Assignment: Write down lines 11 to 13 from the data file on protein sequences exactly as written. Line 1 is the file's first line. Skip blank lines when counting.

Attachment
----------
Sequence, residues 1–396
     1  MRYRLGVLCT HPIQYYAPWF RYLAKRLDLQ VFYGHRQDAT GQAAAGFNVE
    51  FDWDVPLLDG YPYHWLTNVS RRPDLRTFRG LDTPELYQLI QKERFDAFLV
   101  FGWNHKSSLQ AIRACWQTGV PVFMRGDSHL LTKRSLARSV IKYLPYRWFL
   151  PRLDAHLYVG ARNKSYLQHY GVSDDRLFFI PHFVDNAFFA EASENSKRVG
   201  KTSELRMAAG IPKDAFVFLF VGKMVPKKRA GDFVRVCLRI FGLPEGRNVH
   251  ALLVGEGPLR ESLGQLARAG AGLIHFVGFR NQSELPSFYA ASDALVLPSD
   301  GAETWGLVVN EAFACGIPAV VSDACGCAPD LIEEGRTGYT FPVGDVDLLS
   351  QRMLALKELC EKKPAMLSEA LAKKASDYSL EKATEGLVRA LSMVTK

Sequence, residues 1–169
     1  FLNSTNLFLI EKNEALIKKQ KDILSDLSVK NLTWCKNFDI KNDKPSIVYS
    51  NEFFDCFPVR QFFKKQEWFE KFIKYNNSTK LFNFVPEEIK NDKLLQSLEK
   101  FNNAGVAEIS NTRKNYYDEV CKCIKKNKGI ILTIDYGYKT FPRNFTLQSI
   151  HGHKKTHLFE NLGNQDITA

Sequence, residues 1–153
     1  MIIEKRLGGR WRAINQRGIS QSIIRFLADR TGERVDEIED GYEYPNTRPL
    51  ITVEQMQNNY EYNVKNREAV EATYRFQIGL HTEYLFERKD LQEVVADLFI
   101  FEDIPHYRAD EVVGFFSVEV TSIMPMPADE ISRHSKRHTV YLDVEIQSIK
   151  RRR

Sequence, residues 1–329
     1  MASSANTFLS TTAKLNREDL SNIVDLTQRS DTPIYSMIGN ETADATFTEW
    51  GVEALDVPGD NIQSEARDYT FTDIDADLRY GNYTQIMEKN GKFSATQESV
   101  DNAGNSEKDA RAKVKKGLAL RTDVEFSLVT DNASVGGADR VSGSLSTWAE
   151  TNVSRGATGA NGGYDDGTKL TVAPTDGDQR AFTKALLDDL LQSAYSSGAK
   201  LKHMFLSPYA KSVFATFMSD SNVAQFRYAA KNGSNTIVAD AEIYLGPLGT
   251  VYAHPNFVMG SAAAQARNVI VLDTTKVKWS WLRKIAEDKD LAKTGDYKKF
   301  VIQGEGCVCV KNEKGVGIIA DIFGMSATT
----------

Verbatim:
     1  FLNSTNLFLI EKNEALIKKQ KDILSDLSVK NLTWCKNFDI KNDKPSIVYS
    51  NEFFDCFPVR QFFKKQEWFE KFIKYNNSTK LFNFVPEEIK NDKLLQSLEK
   101  FNNAGVAEIS NTRKNYYDEV CKCIKKNKGI ILTIDYGYKT FPRNFTLQSI